Third in a series
Industrialized nations must demonstrate vigorous leadership in combating global warming by boosting their efforts at home before insisting on participation by developing countries in an international effort to reduce emissions of greenhouse gases, according to Ritt Bjerregaard, European commissioner for the environment.
Recollecting the success of the Third Conference of Parties to the United Nations Framework Convention on Climate Change (COP3) in Kyoto last December, Bjerregaard stressed the need for the parties to keep up the momentum of Kyoto in order to “get results out” of the upcoming COP4 meetings in Buenos Aires in November.
In Kyoto, some 150 signatory nations to the U.N. convention endorsed a significant protocol that sets legally binding targets for industrialized countries to cut the combined volume of their greenhouse gas emissions from 1990 levels by 5.2 percent between 2008 and 2012.
Hailing a positive atmosphere in preparatory talks held last Thursday and Friday in Tokyo, Bjerregaard told The Japan Times that delegates from 22 countries and the European Union agreed to have an action plan, which details concrete measures to implement the Kyoto protocol, and a time frame for the plan’s implementation. They also agreed to develop flexible mechanisms by which developed and developing countries can collaborate in achieving the legally binding targets when the convention parties meet in Buenos Aires.
“We didn’t try to reach an agreement during this preparatory meeting, but tried to understand each other to work more closely,” she said.
“Developing countries are very eager to see (our) domestic actions,” she said. “Part of what we were talking about during the meeting was how to make clear the developed countries’ efforts at home” in order to ward off some developing countries’ suspicions that advanced countries are only trying to take them on board without making efforts themselves.
“We (the developed countries) created the climate problems so we all have to show some leadership and take some actions ourselves,” she stressed.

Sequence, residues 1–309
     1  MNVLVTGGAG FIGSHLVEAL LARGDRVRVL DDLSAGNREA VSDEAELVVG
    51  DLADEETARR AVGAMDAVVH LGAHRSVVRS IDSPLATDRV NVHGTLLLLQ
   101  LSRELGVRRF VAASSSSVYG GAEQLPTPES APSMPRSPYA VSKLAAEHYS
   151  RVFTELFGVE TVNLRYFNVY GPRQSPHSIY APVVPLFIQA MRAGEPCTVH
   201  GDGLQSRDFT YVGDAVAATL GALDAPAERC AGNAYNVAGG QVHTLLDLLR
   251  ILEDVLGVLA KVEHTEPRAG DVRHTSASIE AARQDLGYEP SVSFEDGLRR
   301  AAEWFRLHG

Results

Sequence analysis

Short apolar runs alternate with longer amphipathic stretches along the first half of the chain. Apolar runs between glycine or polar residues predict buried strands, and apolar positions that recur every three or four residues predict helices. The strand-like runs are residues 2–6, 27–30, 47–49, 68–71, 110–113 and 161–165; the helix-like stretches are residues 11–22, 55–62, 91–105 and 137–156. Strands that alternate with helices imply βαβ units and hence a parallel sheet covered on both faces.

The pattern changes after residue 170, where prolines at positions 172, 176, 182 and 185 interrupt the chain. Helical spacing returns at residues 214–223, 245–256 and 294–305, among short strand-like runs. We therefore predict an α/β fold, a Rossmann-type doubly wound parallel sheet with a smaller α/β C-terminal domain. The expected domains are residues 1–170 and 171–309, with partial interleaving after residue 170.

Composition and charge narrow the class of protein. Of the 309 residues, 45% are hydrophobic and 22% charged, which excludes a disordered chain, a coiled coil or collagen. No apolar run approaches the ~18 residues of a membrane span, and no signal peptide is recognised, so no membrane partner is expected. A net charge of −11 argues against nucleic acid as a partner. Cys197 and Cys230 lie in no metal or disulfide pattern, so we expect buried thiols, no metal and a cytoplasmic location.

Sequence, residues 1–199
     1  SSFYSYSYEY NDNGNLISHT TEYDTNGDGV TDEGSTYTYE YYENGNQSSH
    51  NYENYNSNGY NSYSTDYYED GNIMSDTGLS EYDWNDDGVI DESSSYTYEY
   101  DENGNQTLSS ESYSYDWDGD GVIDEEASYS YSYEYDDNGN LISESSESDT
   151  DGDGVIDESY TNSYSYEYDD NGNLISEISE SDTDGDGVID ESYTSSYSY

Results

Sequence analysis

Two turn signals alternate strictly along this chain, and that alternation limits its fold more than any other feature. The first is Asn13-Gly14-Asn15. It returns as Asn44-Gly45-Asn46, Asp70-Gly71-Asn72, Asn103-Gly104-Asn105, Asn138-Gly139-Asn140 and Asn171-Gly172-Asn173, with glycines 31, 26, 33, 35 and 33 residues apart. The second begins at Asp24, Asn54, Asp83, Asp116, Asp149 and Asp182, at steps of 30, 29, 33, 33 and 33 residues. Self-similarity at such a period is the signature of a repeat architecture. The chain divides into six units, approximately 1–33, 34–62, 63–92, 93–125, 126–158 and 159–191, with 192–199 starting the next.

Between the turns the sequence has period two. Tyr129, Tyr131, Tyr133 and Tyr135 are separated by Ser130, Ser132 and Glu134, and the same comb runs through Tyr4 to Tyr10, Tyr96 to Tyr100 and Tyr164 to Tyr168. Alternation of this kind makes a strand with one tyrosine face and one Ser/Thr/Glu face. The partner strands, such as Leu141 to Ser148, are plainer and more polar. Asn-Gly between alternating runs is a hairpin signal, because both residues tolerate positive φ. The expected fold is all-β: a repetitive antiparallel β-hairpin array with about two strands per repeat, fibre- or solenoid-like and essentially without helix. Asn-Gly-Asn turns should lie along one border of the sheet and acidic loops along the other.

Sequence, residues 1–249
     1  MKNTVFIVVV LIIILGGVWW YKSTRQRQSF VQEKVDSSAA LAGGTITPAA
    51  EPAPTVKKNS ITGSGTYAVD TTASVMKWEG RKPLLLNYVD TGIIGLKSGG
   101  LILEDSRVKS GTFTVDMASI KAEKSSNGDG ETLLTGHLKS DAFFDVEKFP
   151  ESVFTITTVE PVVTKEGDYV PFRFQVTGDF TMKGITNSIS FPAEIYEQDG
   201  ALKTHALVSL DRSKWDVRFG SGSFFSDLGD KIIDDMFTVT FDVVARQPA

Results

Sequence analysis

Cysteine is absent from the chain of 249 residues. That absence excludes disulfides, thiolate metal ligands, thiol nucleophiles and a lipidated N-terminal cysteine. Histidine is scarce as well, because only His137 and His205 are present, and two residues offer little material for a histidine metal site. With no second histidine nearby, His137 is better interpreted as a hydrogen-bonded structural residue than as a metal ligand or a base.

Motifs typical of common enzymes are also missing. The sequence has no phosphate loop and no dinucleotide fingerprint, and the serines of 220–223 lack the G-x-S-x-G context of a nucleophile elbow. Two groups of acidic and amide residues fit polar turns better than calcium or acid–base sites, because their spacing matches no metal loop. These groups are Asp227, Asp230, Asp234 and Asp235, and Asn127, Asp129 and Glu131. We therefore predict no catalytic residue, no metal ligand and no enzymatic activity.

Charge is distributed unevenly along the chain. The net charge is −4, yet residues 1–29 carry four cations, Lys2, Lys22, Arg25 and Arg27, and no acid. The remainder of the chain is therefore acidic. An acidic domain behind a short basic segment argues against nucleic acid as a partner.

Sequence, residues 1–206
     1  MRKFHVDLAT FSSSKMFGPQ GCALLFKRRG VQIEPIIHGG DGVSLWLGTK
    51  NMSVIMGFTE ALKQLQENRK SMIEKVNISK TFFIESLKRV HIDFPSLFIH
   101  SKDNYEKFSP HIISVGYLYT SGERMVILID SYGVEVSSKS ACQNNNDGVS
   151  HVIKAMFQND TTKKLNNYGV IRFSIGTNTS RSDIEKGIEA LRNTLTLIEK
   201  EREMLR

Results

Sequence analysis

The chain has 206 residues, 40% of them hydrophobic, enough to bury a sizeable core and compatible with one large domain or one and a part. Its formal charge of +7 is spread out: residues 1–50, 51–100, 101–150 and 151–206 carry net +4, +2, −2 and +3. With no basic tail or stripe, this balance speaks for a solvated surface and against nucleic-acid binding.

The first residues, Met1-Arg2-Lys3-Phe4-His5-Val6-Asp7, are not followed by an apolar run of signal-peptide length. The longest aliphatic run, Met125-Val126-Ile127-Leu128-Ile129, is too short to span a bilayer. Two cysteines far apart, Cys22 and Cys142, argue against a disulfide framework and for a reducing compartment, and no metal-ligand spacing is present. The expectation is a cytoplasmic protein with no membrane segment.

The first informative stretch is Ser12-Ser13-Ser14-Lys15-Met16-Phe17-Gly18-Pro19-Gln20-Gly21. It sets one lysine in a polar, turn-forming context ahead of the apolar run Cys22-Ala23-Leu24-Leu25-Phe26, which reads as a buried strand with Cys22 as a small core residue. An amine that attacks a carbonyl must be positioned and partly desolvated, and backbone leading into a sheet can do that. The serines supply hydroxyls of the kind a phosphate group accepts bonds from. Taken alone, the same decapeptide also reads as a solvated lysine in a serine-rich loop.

This stance is in stark contrast to that of the United States, which has insisted on the need for positive involvement of developing countries in the Kyoto framework before it signs the protocol.
As for any “misunderstanding” the EU created with regard to the use of flexible mechanisms such as emissions trading, which enables interested parties to swap the right to emit greenhouse gases to achieve their individual cutback targets, Bjerregaard repeated that the EU is “absolutely interested in trade.”
“We just want to be sure that this (trade) is not an excuse for not doing what you need to do in your own countries … and want to use all the flexible mechanisms” for trade, joint implementation of projects in which industrialized countries together achieve their targets, and clean development whereby developed and developing nations cooperate to meet targets and achieve sustainable industrial growth.
To this end, Bjerregaard said she wants the flexible arrangements to be monitored and verifiable through clear rules and measures of compliance.
Bjerregaard said “a few more COPs will be needed” for the convention parties to narrow their differences of opinions about issues such as to what extent the three flexible mechanisms will be implemented and how much each country should do domestically.
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